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NXP, Sony Partner to Make Chip for NFC Apps
This joint venture will promote adoption of near-field communication technology—especially in Asia and Europe.
Nov 22, 2006—Chipmakers NXP Semiconductors and Sony have signed a memorandum of understanding to create a joint venture that will develop, manufacture and market an integrated circuit (IC) combining NXP's Mifare technology and Sony's FeliCa platform on a single chip.
Mifare and FeliCa are competing contactless smart-card technology platforms comprising the IC, air-interface protocol and security and third-party applications necessary to enable contactless payments. The Mifare and FeliCa platforms can be incorporated in smart cards, such as the Oyster card, used for making fare payments in London's Underground subway, or Hong Kong's Octopus mass-transit card. They can also be built into mobile phones, in which a Mifare or FeliCa chip and applications process electronic payments by turning a phone into an electronic wallet. While Mifare and FeliCa enable contactless payments, they do so only in closed systems where users add value to their accounts, rather than by linking the devices directly to credit or debit accounts.
The NFC protocol describes how RFID-enabled devices can send and receive data across a distance of a few centimeters. Based on high-frequency (13.56 MHz) technology, the NFC protocol is compliant with the ISO 14443 HF air-interface standard and supports the Mifare and FeliCa protocols, which also communicate at 13.56 MHz. Currently, however, the security applications needed to protect the data transmitted while making an electronic payment over the NFC protocol reside on a separate IC, such as a FeliCa or Mifare chip, inside the NFC-enabled device. Contactless-payment applications using FeliCa technology are widespread in parts of Asia, while contactless payment apps using the Mifare platform are common in Europe. By developing an IC that combines both technologies, makers of cell phones and other NFC-enabled devices will be able to sell their products in areas where security applications run on either platform.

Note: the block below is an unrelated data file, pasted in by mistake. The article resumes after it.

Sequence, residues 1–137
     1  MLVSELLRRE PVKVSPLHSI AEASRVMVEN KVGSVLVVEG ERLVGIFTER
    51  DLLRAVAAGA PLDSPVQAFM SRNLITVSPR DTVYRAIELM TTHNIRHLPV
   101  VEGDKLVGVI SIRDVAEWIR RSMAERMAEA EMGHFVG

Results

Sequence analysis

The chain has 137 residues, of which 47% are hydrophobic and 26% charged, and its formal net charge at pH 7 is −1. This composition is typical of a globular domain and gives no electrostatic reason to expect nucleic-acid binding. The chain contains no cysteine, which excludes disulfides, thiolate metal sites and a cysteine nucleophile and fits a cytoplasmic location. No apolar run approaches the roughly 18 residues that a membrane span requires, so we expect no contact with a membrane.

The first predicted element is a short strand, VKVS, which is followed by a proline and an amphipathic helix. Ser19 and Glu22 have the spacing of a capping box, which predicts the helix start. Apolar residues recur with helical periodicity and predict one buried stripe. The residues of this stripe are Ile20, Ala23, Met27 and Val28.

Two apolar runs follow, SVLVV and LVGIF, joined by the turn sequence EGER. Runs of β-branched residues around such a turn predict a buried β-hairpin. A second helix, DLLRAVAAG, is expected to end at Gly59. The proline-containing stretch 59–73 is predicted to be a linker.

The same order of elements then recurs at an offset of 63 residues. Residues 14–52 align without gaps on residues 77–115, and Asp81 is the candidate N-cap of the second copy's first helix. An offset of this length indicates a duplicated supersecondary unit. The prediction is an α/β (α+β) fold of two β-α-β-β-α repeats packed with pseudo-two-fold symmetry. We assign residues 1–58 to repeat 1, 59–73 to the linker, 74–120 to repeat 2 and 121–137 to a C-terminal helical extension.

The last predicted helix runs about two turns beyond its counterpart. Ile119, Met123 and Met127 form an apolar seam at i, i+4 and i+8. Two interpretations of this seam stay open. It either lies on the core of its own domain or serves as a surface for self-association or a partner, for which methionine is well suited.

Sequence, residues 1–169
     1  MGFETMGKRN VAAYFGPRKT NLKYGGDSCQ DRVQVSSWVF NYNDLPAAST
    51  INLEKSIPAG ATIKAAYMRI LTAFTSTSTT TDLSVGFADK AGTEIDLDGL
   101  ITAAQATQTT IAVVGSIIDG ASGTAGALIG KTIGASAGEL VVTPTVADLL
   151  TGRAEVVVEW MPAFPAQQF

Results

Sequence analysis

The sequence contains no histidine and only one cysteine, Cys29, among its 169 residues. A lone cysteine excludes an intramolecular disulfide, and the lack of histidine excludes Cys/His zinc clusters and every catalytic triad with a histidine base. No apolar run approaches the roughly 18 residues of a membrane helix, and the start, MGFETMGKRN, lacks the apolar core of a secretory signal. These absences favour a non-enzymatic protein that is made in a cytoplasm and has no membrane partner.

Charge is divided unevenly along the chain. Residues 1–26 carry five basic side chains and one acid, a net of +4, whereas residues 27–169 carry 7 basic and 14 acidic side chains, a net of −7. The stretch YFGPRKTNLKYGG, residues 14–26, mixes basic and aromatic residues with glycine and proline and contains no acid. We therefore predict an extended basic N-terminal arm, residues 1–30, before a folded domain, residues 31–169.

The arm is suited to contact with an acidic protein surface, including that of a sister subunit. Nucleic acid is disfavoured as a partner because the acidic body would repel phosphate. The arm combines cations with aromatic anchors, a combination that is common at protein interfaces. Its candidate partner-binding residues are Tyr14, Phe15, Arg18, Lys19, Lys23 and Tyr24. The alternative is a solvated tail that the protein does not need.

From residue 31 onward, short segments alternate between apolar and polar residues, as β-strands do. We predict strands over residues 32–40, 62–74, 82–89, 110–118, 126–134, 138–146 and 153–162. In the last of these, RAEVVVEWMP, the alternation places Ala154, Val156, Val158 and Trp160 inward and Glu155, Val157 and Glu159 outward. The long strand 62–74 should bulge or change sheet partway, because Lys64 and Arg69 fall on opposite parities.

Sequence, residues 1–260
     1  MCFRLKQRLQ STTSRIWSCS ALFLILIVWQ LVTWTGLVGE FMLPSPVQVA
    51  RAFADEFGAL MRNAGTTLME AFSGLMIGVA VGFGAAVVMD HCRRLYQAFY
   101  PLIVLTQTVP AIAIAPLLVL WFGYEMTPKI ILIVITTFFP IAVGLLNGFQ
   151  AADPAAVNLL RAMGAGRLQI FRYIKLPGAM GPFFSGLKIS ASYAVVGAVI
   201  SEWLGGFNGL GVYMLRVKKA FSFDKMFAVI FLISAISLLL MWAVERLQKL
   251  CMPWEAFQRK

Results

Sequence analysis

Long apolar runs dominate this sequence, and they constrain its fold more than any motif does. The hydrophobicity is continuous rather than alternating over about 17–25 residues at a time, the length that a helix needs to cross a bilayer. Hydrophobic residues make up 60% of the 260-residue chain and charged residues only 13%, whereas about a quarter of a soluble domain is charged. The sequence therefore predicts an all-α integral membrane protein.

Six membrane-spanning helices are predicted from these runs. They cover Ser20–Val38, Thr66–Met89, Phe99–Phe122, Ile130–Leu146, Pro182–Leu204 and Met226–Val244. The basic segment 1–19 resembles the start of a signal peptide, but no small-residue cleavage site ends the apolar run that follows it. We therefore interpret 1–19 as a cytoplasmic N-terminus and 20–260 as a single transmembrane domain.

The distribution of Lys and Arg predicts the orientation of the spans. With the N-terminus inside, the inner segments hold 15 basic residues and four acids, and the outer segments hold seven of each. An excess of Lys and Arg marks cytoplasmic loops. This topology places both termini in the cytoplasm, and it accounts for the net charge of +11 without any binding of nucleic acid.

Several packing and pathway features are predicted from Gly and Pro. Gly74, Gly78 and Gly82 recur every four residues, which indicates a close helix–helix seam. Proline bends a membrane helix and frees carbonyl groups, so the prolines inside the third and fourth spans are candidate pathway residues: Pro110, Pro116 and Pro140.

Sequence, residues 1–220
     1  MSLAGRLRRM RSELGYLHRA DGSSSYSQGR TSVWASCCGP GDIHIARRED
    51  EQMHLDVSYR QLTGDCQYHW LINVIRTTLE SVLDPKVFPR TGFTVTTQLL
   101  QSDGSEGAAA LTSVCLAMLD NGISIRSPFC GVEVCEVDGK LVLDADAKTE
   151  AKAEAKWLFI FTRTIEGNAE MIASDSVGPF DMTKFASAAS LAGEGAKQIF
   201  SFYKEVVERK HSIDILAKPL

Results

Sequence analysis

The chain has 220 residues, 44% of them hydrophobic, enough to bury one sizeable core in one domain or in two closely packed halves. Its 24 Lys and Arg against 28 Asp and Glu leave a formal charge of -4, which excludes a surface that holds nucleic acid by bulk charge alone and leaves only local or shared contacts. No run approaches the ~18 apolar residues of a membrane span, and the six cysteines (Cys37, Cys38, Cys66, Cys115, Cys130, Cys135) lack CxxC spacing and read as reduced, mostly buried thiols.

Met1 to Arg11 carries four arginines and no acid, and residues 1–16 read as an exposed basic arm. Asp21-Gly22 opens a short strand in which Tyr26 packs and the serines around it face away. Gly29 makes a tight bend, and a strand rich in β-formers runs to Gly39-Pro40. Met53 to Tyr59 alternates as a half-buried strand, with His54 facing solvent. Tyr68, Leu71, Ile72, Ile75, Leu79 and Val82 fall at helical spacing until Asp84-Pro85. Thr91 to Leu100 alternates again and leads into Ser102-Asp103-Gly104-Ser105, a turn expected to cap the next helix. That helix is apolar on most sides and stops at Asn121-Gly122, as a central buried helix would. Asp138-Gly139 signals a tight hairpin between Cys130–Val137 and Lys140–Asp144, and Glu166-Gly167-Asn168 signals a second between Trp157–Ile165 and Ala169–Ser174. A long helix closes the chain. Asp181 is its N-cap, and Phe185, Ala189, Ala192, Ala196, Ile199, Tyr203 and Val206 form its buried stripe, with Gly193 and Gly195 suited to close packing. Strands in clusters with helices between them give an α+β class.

The combined chip will store the applications needed to process electronic payments. Without it, a manufacturer would need to embed separate Mifare and FeliCa chips into a device, with both linked to an NFC chip, to make the device usable on both continents. This would drive up the cost and complexity of the devices. The combined chip will also support third-party applications such as the over-the-air payment initialization application developed by Giesecke & Devrient to enable consumers to link their NFC devices to payment accounts more quickly (see MasterCard and 7-Eleven Launch NFC Trial).
The joint venture between Sony and NXP does not yet have a name. The companies say they will establish the venture by the middle of next year.
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